Another classic that was reprinted last year is The Forgotten Kingdom by Peter Goullart. This describes in intimate detail the time that the Russian author spent in the Nakhi Kingdom of south-west China and is such a brilliant book. There are a couple of authors that are key to their catalogue, one is Dervla Murphy, the Irish travel writer famous for cycling from Ireland to India. The other is Norman Lewis, a prolific writen of fiction and travel books, and whose Naples ’44 is one of Levison Woods must read books; which reminds me… I have read The Goddess in the stones, a fascinating journey wall away from the tourist routes around the state of Bihar. Warrior Herdsmen is Elizabeth Marshall Thomas’ account of living with the Dodoth cattle-herdsmen in Northern Uganda. It is closer to anthropology than travel, but fascinating nonetheless.

Mustn’t forget too their ‘Through Writers Eyes’ series of books. These are collected and curated works of fiction, poetry and non-fiction about different places and countries. They are an excellent publisher, and Barnaby Rogerson was kind enough to answer some of my questions below on behalf of Eland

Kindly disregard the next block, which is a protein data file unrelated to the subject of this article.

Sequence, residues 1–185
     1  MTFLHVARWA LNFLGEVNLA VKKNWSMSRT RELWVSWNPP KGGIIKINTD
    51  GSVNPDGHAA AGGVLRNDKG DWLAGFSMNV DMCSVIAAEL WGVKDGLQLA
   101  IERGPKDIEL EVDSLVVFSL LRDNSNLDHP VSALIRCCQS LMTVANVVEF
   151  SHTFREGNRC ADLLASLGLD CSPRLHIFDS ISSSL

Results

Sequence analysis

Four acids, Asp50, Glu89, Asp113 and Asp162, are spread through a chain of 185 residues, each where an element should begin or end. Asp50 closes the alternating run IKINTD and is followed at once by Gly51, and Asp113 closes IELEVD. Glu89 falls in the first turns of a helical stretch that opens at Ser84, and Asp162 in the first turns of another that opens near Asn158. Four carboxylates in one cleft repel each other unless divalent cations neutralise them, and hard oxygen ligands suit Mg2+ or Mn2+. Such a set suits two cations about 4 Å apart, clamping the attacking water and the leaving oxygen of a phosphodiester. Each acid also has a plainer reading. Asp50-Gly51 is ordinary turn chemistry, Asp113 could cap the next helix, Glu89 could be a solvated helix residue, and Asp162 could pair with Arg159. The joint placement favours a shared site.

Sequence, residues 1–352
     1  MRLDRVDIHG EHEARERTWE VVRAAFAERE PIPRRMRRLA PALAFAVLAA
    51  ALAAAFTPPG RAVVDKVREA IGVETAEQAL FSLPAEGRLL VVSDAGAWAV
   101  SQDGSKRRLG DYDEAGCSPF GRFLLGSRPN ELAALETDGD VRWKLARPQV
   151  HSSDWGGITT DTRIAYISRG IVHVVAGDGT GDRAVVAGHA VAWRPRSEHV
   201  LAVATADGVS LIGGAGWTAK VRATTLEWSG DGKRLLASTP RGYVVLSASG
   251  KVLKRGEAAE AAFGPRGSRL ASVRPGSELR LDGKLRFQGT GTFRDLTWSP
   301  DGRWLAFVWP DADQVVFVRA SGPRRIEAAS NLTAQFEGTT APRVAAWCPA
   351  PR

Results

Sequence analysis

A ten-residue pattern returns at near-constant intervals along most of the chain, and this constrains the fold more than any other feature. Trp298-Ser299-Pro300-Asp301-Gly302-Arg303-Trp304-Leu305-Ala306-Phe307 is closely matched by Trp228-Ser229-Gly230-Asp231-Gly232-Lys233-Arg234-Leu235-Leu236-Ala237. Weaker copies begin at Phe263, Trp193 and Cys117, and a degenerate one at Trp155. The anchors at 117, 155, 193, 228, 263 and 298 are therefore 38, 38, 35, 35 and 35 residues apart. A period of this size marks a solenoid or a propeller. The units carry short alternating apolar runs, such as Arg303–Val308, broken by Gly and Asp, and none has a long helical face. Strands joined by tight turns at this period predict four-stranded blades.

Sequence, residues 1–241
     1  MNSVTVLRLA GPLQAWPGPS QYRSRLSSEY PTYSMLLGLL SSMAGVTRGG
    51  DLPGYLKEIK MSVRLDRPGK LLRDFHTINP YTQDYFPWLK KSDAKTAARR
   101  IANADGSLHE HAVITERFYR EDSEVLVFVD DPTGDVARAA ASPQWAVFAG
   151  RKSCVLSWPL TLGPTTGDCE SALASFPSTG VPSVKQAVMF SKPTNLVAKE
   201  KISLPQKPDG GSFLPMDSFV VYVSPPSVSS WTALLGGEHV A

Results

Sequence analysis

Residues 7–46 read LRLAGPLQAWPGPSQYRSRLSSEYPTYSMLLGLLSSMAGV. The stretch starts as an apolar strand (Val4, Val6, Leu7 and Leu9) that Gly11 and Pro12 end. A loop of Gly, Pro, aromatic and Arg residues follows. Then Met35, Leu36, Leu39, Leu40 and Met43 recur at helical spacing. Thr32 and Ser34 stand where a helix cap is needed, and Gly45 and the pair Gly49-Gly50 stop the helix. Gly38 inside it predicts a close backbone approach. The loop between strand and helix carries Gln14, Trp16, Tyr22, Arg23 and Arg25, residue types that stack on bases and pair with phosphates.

Can you tell me a little about the history of Eland?

Eland was started thirty-six years ago by John Hatt in a fury that none of the publishers he contacted were interested in reprinting Norman Lewis’s book about Vietnam, Dragon Apparent.  A book which if read could have informed any US politician about the likely end result of the Vietnam War.  On the back of this venture, he was later employed as the travel editor of Harpers Bazaar, which put him in an ideal position to travel and test out the best books on the ground.